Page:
R1: 470 ohms
R2: 51k ohms
R3: 270 ohms
R4: 4.7k ohms
R5: 10k ohms
Q1: mps do1
q2: mps do1
q3: mps do1
referring to FIG. 4, another specific channel driving circuit is illustrated and which embodies additional aspects of the present invention. A switching circuit 51 responsive to the control pulse in the line 33 connects the high voltage VH to the element 17 for the duration of the control pulse, in a manner similar to that described with respect to FIG. 3 but including additional features. The switching circuit 51 applies the high voltage to the element 17 through a series resistance R10. In addition, a second switching circuit 53, also responsive to the control pulse in the input line 33, controls the discharge of the capacitance of the element 17 through a series resistance R11 to ground potential. The switch circuits 51 and 53 are designed so that the circuit 51 is in an "on" state for the duration of the control pulse in the line 33 while remaining "off" at all other times. Conversely, the discharge switching circuit 53 is designed so that it is in its "on" state at all times other than during a control pulse at the input 33, the circuit 53 being turned off for the duration of such a control pulse. The disconnecting of the discharge resistor R11 for the duration of the control pulse is different than that of the circuit of FIG. 3 wherein a discharge resistor R5 remains in the circuit even during the control pulse.
In the switching circuit 51 of FIG. 4, the input signal in the line 33 is passed through a series resistance R6 to the base of a transistor Q5. The collector of the transistor Q5 is connected to a high voltage VH by a series resistance R7. The emitter of the transistor Q5 is connected in series with the resistance R8 to ground potential. The elements Q5, R7 and R8 correspond, respectively, to elements Q1, R2 and R3 of FIG. 3. Similarly, a transistor Q7 of FIG. 4 is connected to control the bias of the switching transistor Q5 in the same manner that the transistor Q4 is utilized in the circuit of FIG. 3 to control the bias of the switching transistor Q1. The function of these components in the switching circuit of FIG. 4 will not be repeated since their operation is the same as described previously.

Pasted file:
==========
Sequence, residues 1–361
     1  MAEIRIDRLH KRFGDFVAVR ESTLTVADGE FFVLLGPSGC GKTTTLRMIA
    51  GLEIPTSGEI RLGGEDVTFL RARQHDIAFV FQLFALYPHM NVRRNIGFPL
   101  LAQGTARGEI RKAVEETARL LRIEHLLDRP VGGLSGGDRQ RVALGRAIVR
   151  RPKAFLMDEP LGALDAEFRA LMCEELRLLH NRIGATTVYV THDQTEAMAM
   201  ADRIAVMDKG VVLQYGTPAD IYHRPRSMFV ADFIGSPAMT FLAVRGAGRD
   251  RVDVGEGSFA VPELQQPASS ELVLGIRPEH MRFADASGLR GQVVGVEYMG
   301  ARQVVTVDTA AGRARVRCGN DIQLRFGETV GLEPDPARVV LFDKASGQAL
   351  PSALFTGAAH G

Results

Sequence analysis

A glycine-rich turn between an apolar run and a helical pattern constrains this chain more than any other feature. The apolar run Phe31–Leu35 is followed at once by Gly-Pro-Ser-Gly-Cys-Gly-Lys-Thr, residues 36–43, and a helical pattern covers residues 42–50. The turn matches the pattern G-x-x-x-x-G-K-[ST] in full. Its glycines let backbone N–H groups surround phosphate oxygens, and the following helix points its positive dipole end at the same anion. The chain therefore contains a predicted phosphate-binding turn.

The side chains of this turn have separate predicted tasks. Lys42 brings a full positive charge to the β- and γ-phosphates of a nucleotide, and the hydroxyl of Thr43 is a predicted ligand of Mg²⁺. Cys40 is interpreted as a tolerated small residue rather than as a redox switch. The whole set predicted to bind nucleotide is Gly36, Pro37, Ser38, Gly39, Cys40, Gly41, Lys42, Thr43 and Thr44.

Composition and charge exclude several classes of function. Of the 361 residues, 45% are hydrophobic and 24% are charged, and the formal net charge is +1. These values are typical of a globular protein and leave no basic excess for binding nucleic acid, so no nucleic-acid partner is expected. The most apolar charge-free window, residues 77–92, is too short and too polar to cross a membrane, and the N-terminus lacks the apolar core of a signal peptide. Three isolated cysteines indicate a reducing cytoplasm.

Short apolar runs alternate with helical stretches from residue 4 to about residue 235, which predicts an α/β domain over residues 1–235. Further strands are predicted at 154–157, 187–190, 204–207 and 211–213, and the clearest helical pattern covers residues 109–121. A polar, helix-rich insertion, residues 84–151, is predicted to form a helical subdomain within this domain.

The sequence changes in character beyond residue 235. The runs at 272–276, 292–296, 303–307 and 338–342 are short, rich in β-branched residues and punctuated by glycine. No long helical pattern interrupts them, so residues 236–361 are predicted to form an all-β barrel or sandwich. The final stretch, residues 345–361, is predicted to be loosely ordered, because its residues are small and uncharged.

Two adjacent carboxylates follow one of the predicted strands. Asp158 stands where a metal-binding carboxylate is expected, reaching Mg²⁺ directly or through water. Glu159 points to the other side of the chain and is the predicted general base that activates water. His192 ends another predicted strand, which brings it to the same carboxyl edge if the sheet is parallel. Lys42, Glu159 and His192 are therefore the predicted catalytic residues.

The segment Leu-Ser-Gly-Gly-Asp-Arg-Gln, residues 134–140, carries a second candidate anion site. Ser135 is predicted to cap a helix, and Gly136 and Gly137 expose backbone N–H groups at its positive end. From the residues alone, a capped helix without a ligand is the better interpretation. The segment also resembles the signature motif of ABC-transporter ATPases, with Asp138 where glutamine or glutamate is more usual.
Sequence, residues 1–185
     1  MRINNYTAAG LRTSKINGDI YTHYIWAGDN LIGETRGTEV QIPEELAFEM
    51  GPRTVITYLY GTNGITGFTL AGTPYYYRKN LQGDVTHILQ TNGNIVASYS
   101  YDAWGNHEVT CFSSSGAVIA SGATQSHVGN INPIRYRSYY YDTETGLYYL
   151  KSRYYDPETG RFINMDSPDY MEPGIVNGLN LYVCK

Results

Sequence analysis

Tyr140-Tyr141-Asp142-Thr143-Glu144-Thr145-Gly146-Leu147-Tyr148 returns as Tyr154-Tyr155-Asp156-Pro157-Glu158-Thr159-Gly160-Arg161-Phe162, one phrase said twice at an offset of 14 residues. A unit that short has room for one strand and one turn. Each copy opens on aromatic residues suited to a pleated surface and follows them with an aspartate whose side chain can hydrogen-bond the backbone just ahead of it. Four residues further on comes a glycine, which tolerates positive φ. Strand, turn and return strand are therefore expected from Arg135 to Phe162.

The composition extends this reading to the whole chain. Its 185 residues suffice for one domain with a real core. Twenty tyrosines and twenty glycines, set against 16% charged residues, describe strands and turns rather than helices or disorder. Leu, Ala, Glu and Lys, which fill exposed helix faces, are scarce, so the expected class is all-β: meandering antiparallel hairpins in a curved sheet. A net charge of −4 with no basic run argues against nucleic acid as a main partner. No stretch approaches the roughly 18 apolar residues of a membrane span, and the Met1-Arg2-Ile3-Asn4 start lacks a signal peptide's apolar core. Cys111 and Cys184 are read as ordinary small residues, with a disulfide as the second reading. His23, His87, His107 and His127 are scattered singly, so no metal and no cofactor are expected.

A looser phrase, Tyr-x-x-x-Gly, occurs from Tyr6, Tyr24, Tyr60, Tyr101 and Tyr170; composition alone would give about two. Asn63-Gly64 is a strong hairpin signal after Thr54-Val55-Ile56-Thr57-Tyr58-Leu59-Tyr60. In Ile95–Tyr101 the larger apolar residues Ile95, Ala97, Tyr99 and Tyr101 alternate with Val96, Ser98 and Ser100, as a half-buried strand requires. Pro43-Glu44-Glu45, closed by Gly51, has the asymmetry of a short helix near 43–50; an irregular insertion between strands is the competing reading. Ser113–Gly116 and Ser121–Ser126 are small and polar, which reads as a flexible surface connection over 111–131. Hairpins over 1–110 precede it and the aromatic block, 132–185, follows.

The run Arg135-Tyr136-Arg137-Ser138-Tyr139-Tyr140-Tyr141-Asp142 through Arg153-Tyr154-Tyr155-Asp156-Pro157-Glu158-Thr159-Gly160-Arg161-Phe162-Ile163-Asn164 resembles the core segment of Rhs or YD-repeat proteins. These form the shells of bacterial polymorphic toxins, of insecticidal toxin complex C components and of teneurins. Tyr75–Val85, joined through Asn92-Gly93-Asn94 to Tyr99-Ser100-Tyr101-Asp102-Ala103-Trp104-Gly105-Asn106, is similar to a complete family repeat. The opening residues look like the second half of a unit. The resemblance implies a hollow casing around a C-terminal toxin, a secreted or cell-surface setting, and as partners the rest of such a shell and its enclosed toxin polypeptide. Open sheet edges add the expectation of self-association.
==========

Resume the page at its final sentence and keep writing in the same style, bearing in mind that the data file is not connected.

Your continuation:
The switched high voltage VH is applied from the collector of the transistor Q5 to the base of an amplifying transistor Q6 whose emitter is then connected in series with the resistance R10 to the element 17. The collector of the transistor Q6 is connected to the high voltage power supply VH through a series resistance R9.
A voltage regulator circuit is additionally provided in the switching circuit of FIG. 4, the principal operative element being a Zener diode Z1. The diode Z1 is connected in series between ground potential and the high voltage supply VH through a resistance R11. The base of the transistor Q6 amplifier is connected through a diode CR1 to the junction between the Zener diode Z1 and its series resistance R12. The result is that the base of the transistor Q6 is provided with substantially the same voltage each pulse, as can be best explained with reference to FIG. 5(c) which is an illustration of the voltage waveform at the base of the transistor Q6 for the duration of an input control pulse. The solid pulse line 55 shows the amplitude to which the base of the transistor Q6 is permitted to rise. The output at the collector of the transistor Q5 would normally go to the voltage level 57 shown in dashed outline in FIG. 5(c) if the voltage regulating circuit including the Zener diode Z1 were not present. The maximum voltage 55 that the base of the transistor Q6 is permitted to attain is thus carefully controlled, resulting in consistency of size and velocity of ink droplets ejected from the chamber because its associated element 17 is caused to deflect inward with the same characteristics at the beginning of each control pulse. A single voltage control circuit may be, if desired, provided for all seven of the driving circuits illustrated in FIG. 2 rather than having a separate control for each circuit.